Britain failing in its green recovery pledges

The UK is falling behind its European counterparts in the drive to build back better new research has found.

Experts from The University of Manchester said they have identified significant shortcomings in the UK’s green recovery in comparison with France and Germany, and has called for a clearer post-pandemic strategy from the Government.

The study was undertaken by researchers at The Productivity Institute, a UK-wide research organisation that is funded by the Economic and Social Research Council and based at The University of Manchester. It reviewed each country’s approach and the impact on productivity, competiveness and the environment.

Professor Frank W. Geels, Professor of System Innovation and Sustainability said: “The UK needs policies that not only have the ambition to accomplish a green recovery, but can also be implemented with relative ease. While a short-term impetus was needed, the UK’s green recovery should have longer-term follow-up plans and more clarity about how and when the money will be spent. Moving forward, the UK would benefit from less drastic changes in its policy proposals to provide more certainty to the public on what it wants to achieve – and how it wants to get there.”

Analysing data from recovery packages revealed in 2020, it found:
• Using budgets for green recovery to measure ambition, France and Germany provided far more funding, and strategically invested through integrated recovery plans. France committed EUR30.4 billion (1.25% of 2019 GDP); Germany EUR27.5 billion (0.80% of 2019 GDP); compared to UK investment of EUR17.3 billion (0.69% of 2019 GDP).
• All three countries dedicated the bulk of their green recovery funding to four sectors and technologies: hydrogen, electric vehicles, buildings energy retrofits, and railway infrastructure. In dedicating the largest share (57.8%) to hydrogen and electric vehicles, Germany used the green recovery to accelerate sectors with long-term economic and green potential. In comparison, France and the UK used the green recovery to deliver short-term economic and environmental benefits to sustain jobs.
• The UK’s failure to develop multi-year projects pre-COVID-19 – and the subsequent poor implementations of key policies – impacted on jobs, the economy and the environment. Using the Green Homes Grant launched in 2020 as an example, the research revealed how implementation challenges quickly derailed UK policies in their infancy. In comparison, Germany invested its buildings energy retrofit recovery budget into a well-established 14-year old programme. Similarly, France leveraged pre-existing administrative experience and recognition by funding a mix of both new and existing programmes.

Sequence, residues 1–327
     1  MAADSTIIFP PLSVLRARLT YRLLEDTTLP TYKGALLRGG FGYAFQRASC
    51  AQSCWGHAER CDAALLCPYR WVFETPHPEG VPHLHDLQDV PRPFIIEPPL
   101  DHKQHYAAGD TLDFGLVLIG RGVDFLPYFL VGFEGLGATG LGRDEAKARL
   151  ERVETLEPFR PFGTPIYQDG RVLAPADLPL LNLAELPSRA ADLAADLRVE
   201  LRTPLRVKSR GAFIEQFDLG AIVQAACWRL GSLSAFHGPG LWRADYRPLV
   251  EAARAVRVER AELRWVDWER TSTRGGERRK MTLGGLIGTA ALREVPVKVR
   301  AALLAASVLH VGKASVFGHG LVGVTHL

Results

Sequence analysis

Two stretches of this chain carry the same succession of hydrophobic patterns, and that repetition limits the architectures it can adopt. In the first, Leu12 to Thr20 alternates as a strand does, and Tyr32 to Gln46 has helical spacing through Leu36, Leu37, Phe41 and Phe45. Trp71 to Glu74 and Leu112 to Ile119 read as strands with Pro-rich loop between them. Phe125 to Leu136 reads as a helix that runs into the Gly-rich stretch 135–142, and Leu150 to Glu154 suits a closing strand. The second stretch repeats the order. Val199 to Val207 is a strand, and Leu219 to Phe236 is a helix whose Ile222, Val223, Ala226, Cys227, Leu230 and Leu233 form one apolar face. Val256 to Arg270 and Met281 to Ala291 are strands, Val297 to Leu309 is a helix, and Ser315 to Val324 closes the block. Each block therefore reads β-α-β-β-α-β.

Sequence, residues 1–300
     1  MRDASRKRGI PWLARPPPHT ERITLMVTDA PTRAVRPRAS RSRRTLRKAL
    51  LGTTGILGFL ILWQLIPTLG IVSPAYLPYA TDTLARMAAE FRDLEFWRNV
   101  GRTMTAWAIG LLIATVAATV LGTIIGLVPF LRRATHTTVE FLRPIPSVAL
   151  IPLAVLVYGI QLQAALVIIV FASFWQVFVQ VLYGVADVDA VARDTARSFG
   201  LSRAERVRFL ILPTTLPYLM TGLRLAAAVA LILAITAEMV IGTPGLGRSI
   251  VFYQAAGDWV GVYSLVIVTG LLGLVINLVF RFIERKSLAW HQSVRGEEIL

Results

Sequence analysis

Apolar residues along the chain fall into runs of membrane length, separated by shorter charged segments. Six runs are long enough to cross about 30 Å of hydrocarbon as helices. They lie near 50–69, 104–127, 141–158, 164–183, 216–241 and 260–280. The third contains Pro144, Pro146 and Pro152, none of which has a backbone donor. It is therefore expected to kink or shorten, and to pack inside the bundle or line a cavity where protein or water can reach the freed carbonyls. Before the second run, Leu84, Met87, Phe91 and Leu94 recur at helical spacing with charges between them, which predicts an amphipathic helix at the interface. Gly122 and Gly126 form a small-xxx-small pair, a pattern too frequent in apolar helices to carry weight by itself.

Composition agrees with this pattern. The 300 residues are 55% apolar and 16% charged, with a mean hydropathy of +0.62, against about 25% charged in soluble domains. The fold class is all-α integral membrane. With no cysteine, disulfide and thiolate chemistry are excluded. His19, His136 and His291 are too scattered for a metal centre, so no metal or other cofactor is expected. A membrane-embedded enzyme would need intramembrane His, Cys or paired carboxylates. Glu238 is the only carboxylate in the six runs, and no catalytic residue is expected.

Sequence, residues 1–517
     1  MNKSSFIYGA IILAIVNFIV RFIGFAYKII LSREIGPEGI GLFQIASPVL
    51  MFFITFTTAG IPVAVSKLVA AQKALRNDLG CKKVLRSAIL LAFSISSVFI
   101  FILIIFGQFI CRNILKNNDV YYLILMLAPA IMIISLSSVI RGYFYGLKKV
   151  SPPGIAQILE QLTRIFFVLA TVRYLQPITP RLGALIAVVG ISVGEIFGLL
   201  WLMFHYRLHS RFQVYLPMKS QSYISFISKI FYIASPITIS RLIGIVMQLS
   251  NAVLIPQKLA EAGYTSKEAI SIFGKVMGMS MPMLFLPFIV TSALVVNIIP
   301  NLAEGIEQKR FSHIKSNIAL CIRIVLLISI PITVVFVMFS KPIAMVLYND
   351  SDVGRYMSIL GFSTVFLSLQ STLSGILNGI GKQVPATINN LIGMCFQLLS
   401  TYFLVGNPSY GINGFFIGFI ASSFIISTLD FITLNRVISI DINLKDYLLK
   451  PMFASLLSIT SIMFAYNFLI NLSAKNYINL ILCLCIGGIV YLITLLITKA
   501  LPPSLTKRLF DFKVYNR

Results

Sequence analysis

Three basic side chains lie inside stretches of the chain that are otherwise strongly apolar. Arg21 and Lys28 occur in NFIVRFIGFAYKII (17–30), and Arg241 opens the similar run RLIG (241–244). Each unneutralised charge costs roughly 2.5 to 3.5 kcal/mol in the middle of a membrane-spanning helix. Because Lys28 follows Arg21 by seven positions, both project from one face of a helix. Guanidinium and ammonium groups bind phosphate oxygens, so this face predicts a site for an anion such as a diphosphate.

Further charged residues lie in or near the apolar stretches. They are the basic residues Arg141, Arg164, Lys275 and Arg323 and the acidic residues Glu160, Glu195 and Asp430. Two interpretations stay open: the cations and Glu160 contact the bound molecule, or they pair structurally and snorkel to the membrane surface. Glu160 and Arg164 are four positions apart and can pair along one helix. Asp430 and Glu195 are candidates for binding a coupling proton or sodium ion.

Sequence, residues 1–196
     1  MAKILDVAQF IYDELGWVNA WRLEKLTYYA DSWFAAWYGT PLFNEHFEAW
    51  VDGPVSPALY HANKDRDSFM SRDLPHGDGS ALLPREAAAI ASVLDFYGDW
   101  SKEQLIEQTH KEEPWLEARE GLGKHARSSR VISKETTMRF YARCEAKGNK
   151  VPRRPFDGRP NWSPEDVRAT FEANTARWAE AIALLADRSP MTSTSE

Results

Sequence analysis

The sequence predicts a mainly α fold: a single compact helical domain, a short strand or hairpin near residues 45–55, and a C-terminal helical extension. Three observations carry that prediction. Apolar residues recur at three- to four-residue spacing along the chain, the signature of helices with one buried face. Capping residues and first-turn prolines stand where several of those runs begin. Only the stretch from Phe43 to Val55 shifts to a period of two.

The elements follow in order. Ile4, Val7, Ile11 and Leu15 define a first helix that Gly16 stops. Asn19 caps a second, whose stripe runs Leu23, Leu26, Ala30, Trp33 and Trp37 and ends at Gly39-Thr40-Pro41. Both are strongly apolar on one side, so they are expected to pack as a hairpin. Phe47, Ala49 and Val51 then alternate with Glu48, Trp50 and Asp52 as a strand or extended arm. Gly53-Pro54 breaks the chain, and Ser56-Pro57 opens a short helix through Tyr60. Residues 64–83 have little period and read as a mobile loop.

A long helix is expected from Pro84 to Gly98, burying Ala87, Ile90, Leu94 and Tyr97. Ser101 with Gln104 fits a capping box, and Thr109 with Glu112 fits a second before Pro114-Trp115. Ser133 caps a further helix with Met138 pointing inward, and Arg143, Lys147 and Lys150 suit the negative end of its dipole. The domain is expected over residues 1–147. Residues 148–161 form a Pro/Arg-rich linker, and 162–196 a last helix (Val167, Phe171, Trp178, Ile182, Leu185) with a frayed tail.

• Germany’s support for sectors with a long-term productivity potential was enabled by its COVID-19 resilient economy. The French and UK focus on short-term gains, however, was driven by political motivations: France’s Presidential elections in 2022, and the UK’s need to show quick gains post-Brexit and ahead of COP26 in November 2021.

The project was led by a team based at the Alliance Manchester Business School.

“While the UK had good intentions, compared to France and Germany it lacked ambition, and smooth and clear delivery,” said Professor Jonatan Pinkse, Professor of Strategy, Innovation, and Entrepreneurship at the Manchester Institute of Innovation Research. “The UK’s green recovery would benefit from a clearer post-pandemic strategy that connects and expands the actions proposed so far. Although there is significant attention for hydrogen, the UK does not yet have a national hydrogen strategy (unlike Germany and France) – we hope to see it sooner rather than later in 2021.”

“How each country decided to balance the options has been shaped by their pre-pandemic trajectory on climate and economic progress, and priorities for the future,” added Guillermo Ivan Pereira, Postdoctoral Research Associate in Sustainable Energy Innovation. “Germany’s support for sectors with a long-term productivity potential shows a greater focus on gaining competitive advantage in new sectors and was enabled by an economy that was more resilient to the short-term economic shock. The French and UK focus on short-term gains is more clearly driven by political motivations.”

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